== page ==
Avoiding turtle by-catch in the Mediterranean
The Mediterranean is a dangerous place for turtles with between 10 and 20 % of the population killed annually. One frequent cause of death is when turtles are caught on longline fishing hooks.
Fishermen typically cut the line without hauling the turtle on-board, but this turns out not to be the best approach. Satellite tracking of a group of loggerhead turtles released into the sea after being by-caught by Spanish longliners revealed around 40% of them died during the following three months.
The problem is not so much the hook as the line. Professor Lluís Cardona, member of the Research Group on Large Marine Vertebrates of the University of Barcelona, explains: “The turtle swallows the line, and it goes down the alimentary tract until the end comes out through the cloaca”.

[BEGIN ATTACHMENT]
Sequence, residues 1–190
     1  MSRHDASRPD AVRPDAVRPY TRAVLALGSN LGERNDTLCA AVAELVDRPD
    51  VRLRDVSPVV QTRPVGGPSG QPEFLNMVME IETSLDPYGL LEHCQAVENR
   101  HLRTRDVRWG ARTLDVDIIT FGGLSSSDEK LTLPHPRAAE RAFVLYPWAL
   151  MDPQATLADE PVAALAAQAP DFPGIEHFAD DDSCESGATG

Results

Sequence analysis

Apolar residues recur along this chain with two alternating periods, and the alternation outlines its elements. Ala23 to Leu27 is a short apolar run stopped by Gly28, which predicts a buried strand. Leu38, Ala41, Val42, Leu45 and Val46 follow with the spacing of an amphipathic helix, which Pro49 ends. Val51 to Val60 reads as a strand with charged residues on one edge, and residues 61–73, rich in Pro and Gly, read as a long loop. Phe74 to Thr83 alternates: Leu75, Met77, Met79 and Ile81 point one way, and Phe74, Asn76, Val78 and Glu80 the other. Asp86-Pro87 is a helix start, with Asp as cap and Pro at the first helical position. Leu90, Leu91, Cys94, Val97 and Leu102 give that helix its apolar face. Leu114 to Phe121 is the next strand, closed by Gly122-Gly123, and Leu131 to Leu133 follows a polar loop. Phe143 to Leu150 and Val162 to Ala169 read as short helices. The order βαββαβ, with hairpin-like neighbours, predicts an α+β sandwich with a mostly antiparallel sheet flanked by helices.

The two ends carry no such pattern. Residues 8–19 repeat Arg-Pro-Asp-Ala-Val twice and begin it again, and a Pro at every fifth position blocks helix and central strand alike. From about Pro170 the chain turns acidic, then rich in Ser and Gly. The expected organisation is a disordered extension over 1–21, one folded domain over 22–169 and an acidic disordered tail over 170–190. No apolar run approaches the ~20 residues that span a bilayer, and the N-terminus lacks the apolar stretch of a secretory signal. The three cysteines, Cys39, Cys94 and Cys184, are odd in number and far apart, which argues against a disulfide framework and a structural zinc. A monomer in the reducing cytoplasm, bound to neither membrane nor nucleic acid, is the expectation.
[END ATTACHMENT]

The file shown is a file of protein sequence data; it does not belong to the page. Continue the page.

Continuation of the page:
“In the case of incidental by-catch turtles must be hauled on board, using a brail net, and the fishing line must be cut level with the mouth. That will reduce incidental mortality by half and the impact on population will be acceptable”, says Cardona.
As turtles have a long life span a small variance in mortality rates can have a significant impact on populations.
The Loggerhead turtle (Caretta caretta) is the most common turtle inhabiting Mediterranean grounds and one of the most threatened species around the world. In Spanish waters there are turtles of Atlantic and Eastern Mediterranean origin.
The Spanish longline fleet has been reported to by-catch around 10,000 turtles in the Mediterranean annually. However, more than 95% of them are still alive when longlines are collected.
This study recommends reducing turtle by-catch by weighting lines so they draw more deeply, not to use cephalopods as baits and to modify the design of fishing hooks.